Karl Veile was born on March 6, 1928, and grew up in Gussenstadt, Germany. He was part of a large and loving family. One grandfather was the Mayor of his town, and three uncles fought in World War I, but his father did not have to serve. Karl was a young boy when Hitler came to power, but living in rural Germany, he felt little impact. As a young boy, he was compelled to join the Hitler Youth, but he enjoyed the physical training like orienteering, skiing, and track and field events. When World War II started, his father served as a quartermaster and Red Cross specialist, and was responsible for returning wounded Soldiers from the front for convalescence. His father was on a train of wounded Soldiers leaving Stalingrad, and departed three hours before that city was cut off by the Soviets. While his father was deployed, young Karl faced many additional responsibilities on his grandfather’s farm, and in a local bakery. Finally, in 1945, he was called up for service in the Luftwaffe, and was assigned to an anti-aircraft battery in Vienna. His older brother also served in the Luftwaffe, and was captured by the Americans, eventually being detained in a prison camp in Nebraska. Karl’s war ended when his major told him, “The war is over. Go home.” After the war, he became a hairdresser and met his wife, who was a German refugee from Hungary. In 1957, he came to the United States with his wife, two daughters, and $200. He settled in Galveston, and eventually opened a beauty salon. One of the most important aspects of his life was becoming a born-again Christian, and that shapes his outlook on life.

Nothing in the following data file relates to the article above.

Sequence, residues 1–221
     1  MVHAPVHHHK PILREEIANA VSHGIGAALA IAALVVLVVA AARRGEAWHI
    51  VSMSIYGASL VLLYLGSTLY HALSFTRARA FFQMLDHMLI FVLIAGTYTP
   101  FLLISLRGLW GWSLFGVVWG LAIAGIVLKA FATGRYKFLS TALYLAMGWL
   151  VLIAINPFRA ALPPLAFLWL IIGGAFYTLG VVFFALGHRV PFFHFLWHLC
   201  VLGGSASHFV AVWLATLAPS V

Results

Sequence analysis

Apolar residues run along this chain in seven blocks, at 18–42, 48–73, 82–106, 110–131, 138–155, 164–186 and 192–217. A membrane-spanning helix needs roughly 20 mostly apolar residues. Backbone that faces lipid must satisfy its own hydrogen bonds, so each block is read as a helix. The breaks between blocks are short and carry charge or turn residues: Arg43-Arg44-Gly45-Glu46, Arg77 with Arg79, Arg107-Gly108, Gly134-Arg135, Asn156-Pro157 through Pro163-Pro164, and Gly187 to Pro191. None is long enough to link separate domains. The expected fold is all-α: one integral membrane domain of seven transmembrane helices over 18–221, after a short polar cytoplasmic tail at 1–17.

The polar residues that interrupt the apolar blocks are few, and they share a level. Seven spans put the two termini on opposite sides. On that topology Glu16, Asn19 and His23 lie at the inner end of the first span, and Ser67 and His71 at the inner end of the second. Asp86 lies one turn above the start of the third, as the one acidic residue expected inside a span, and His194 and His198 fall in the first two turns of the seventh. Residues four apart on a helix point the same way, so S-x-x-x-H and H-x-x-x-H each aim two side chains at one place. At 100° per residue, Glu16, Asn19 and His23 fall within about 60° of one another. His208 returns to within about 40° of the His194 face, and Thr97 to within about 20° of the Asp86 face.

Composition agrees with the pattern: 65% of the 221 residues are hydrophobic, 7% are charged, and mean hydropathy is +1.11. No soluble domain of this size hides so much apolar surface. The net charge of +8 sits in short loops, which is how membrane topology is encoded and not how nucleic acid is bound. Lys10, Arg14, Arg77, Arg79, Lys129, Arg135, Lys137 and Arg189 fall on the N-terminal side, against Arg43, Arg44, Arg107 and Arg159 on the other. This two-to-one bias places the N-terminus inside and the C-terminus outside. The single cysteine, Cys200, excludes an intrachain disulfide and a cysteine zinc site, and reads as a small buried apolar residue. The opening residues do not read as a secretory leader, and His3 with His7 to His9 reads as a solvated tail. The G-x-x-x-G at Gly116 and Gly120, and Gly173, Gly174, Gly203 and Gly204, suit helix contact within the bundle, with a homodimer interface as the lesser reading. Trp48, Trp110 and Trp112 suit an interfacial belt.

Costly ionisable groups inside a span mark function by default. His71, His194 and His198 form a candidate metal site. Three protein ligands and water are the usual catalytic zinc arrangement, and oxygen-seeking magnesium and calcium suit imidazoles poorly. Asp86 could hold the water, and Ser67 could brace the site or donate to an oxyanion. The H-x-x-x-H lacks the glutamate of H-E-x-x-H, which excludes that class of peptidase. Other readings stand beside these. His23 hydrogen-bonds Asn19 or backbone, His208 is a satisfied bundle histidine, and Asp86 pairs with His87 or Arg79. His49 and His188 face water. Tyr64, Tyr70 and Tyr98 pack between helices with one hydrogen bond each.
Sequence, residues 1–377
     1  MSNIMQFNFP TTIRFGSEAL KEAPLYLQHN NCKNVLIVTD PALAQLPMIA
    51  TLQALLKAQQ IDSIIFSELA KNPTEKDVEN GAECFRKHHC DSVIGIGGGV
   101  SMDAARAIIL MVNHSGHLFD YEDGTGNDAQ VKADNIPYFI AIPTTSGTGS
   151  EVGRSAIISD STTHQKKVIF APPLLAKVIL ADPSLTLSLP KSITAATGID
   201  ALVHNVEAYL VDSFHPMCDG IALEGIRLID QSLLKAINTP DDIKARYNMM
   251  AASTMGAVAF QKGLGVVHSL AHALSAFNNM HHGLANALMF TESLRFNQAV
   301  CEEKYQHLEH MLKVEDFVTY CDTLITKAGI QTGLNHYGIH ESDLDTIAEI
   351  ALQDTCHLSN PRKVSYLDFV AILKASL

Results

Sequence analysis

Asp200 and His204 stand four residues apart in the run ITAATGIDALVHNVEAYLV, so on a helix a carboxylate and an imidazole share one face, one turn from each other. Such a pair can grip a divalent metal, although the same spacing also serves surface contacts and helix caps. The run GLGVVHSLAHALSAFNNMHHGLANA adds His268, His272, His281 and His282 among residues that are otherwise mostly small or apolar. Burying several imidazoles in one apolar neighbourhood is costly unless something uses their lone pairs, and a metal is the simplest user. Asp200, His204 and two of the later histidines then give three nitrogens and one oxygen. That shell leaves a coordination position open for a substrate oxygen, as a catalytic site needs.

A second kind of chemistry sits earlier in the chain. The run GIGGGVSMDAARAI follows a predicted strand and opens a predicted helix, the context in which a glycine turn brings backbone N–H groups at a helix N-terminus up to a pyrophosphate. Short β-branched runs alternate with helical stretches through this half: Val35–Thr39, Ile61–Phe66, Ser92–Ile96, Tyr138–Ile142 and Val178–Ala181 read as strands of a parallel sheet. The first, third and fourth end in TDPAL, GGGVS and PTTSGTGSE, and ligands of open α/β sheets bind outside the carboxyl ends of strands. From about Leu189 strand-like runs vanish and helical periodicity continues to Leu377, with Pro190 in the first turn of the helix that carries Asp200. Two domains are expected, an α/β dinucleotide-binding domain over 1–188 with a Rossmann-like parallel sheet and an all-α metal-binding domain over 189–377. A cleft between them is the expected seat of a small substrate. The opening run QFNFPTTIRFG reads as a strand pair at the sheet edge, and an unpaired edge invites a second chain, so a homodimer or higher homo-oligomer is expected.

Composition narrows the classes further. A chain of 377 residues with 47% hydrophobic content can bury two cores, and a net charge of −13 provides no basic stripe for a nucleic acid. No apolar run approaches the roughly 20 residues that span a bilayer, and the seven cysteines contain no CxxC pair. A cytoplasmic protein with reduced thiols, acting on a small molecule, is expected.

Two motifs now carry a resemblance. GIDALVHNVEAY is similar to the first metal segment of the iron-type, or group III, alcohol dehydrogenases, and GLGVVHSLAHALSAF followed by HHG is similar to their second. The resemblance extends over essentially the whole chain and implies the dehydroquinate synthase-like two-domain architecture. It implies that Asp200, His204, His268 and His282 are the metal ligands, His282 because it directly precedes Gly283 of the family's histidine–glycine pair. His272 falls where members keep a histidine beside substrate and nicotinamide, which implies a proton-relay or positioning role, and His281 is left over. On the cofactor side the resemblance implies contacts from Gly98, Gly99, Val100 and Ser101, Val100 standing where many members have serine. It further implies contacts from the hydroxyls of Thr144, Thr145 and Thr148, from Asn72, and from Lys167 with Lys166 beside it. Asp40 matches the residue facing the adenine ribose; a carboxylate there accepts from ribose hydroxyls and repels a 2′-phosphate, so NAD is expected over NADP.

In this interview, he talks about growing up in a small village in Germany, his experience in the Hitler Youth, his short time in the Luftwaffe, and immigrating to America. He describes his childhood as extremely happy, and he paints an idyllic picture of life in rural Germany in the 1930s. He details many of the activities he engaged in while a member of the Hitler Youth, and discusses his love for track and field. He discusses his time in the Luftwaffe, and highlights two times when his position came under attack. He explains what life was like after the war, when American Soldiers occupied his town, and some were quartered in his family’s house. He talks about meeting his wife, and compares her much more traumatic wartime experience with his own. Finally, he discusses coming to the U.S. to live the American dream, and explains how blessed he feels every day.